"Despite the fact that the U.S. had repeatedly and publicly declared its nuclear strategy to be based on deterrence, virtually all interview subjects stressed that they perceived the U.S. to be preparing for a first strike…. In addition, in PD-59 the Soviets saw a deliberate policy for launching a surprise, decapitating first strike against the Soviet leadership. The Soviets found this policy, backed up in the early 1980s by the technical capability to execute it, extremely threatening, especially in light of the pervasive memory of the June 1941 surprise attack, an experience which colored all Soviet strategic planning throughout the Cold War period."
We don't know all the ways the Soviet leadership reacted. But the years after PD-59 was signed were among the most tense of the Cold War, including the very dicey autumn "war scare" of 1983.
Feeling vulnerable, one thing the Soviet leaders did was to build a quasi-automatic system that could launch all their land-based nuclear missiles in a retaliatory strike in the event the leadership was decapitated. This system, known formally at Perimeter and informally as the Dead Hand, was not fully automatic -- the Soviets saw the dangers in that -- but it was partially automated, with the final decisions being left in the hand of a few duty officers deep in an underground bunker. How those duty officers would react at a time of nuclear war has always been a matter of speculation and uncertainty. The Dead Hand system was put on combat duty in early 1985, just as Mikhail Gorbachev came to power.
It is not known precisely what role PD-59 played in stoking Soviet anxiety about decapitation in 1980. (There were other reasons they might have been worried, including the growing accuracy of U.S. weapons that could strike Soviet command and control centers with little warning.) But the overall message that the leadership was in the crosshairs was well received. Hines interviewed Gen.-Col. (ret.) Varfolomei Korobushin, the former deputy chief of staff of the Soviet Strategic Rocket Forces. Korobushin played an important role in building the Dead Hand system. When Hines asked him if PD-59 had influenced the Soviet general staff's perceptions, the general answered by immediately associating PD-59 with decapitation. He said:
"Yes, but your PD-59 would have been futile. Right now we have a system in place which would automatically launch all missiles remaining in our arsenal even if every nuclear command center and all of our leaders were destroyed."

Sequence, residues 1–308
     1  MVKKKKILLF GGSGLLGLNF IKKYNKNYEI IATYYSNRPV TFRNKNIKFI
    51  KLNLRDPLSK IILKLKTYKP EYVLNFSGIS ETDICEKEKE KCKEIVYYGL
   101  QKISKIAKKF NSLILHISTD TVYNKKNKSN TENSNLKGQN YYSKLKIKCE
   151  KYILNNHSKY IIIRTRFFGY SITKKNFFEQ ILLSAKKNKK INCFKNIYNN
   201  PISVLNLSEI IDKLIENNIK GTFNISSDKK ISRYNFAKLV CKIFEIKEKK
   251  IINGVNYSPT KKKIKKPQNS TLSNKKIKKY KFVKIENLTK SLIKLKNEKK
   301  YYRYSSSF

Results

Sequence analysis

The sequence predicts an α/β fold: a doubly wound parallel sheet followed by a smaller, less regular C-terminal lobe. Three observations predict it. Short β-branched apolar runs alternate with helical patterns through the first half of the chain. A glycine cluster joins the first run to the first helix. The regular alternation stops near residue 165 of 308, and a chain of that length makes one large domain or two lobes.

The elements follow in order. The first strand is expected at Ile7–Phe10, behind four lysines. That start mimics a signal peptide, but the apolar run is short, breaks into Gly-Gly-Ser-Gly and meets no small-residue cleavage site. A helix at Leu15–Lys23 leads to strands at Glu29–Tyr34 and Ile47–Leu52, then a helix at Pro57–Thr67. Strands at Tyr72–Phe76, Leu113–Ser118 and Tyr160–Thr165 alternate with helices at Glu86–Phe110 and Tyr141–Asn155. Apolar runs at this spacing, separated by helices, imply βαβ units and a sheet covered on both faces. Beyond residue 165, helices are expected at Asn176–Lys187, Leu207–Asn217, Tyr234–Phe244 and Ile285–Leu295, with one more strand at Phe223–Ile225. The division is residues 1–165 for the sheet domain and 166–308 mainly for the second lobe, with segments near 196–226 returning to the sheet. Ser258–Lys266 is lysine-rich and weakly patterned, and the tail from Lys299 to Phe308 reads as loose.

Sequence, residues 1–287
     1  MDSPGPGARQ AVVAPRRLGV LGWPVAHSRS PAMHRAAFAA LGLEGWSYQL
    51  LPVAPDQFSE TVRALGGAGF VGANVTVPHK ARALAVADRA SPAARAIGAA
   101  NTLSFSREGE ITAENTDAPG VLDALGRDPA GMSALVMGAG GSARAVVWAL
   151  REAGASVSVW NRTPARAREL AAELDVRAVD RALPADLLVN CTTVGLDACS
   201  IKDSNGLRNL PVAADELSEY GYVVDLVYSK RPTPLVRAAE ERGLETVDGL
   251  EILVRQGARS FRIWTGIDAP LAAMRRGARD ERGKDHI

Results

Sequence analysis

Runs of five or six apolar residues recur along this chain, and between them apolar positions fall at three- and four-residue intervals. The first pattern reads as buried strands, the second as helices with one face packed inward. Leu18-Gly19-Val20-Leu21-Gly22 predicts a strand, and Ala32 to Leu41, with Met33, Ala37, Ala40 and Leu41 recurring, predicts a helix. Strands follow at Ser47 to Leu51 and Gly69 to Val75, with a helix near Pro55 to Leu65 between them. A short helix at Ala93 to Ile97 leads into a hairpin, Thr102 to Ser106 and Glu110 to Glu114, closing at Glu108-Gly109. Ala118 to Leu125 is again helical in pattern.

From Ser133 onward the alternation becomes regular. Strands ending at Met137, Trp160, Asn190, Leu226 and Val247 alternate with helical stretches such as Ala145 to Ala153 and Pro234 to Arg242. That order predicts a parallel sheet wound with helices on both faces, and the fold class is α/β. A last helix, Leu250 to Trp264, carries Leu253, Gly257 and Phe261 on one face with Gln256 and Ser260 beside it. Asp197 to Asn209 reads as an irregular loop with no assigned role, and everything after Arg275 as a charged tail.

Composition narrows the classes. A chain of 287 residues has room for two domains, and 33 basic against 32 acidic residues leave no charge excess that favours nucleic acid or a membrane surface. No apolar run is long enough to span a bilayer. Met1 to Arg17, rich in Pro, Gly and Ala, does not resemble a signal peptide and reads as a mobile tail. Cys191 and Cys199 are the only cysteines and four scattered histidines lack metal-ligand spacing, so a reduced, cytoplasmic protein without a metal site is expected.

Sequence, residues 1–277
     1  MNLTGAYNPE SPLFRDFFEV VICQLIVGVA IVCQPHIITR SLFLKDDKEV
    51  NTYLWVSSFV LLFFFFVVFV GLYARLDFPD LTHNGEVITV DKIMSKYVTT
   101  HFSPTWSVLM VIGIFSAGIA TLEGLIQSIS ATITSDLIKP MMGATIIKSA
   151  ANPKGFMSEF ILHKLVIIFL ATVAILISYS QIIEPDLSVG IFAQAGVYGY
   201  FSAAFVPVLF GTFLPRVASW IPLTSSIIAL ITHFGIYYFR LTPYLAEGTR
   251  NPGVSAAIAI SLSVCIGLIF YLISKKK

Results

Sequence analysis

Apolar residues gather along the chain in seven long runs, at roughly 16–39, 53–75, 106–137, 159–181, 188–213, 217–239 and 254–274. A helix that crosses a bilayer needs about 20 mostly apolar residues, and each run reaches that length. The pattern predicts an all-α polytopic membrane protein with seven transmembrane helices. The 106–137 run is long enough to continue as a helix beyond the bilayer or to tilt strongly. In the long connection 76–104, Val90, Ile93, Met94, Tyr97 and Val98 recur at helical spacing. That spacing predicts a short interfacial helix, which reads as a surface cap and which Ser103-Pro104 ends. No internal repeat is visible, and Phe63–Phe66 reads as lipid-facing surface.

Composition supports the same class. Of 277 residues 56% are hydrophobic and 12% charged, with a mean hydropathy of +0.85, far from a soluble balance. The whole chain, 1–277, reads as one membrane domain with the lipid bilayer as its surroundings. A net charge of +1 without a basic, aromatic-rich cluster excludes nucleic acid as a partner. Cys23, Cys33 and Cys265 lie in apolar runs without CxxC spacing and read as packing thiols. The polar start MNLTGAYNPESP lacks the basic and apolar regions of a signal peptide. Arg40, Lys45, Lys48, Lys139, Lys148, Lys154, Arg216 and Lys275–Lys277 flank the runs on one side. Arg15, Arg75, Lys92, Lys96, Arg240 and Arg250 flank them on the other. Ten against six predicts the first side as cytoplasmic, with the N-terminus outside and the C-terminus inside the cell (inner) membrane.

Carter's directive was part of an internal U.S. planning process, and there's no doubt such a process was necessary. But the decision to provide some salient details to the Soviet leaders may have had consequences that were not fully understood at the time. Soviet paranoia about a U.S. first strike was already running very deep in the 1970s--but did the U.S. policy-makers know how deep? By sending signals on PD-59, did they cause the Soviets to grow even more worried about decapitation?
Oddly, the Dead Hand system was kept secret from the United States, and only came to light at the end of the Cold War. This made it even more dangerous. As I pointed out in my book, The Dead Hand:
"If the Americans had known of Perimeter--if they realized that decapitation of the Kremlin would trigger near-automatic retaliation--it might have given them pause. It might have been a deterrent. But in the peculiar dark world of the arms race, the Soviets treated the Perimeter
project as super-secret, and tried to mask what they had invented."
The lesson for today's confrontations: an adversary does not always see the world the same way we do. It is important to grasp how they are thinking, and not just by reading the headlines. One question that we might ask about Iran, for example, is this: what conclusions are they drawing from all the threats of an attack on their nuclear facilities? What signals are they getting, and what miscalculations might be afoot? We knew very little about the deliberations of Kremlin leaders in the late 1970s and early 1980s. Do we know more about what Iran's leaders are pondering today?
David E. Hoffman is a Pulitzer Prize-winning author and a contributing editor to Foreign Policy.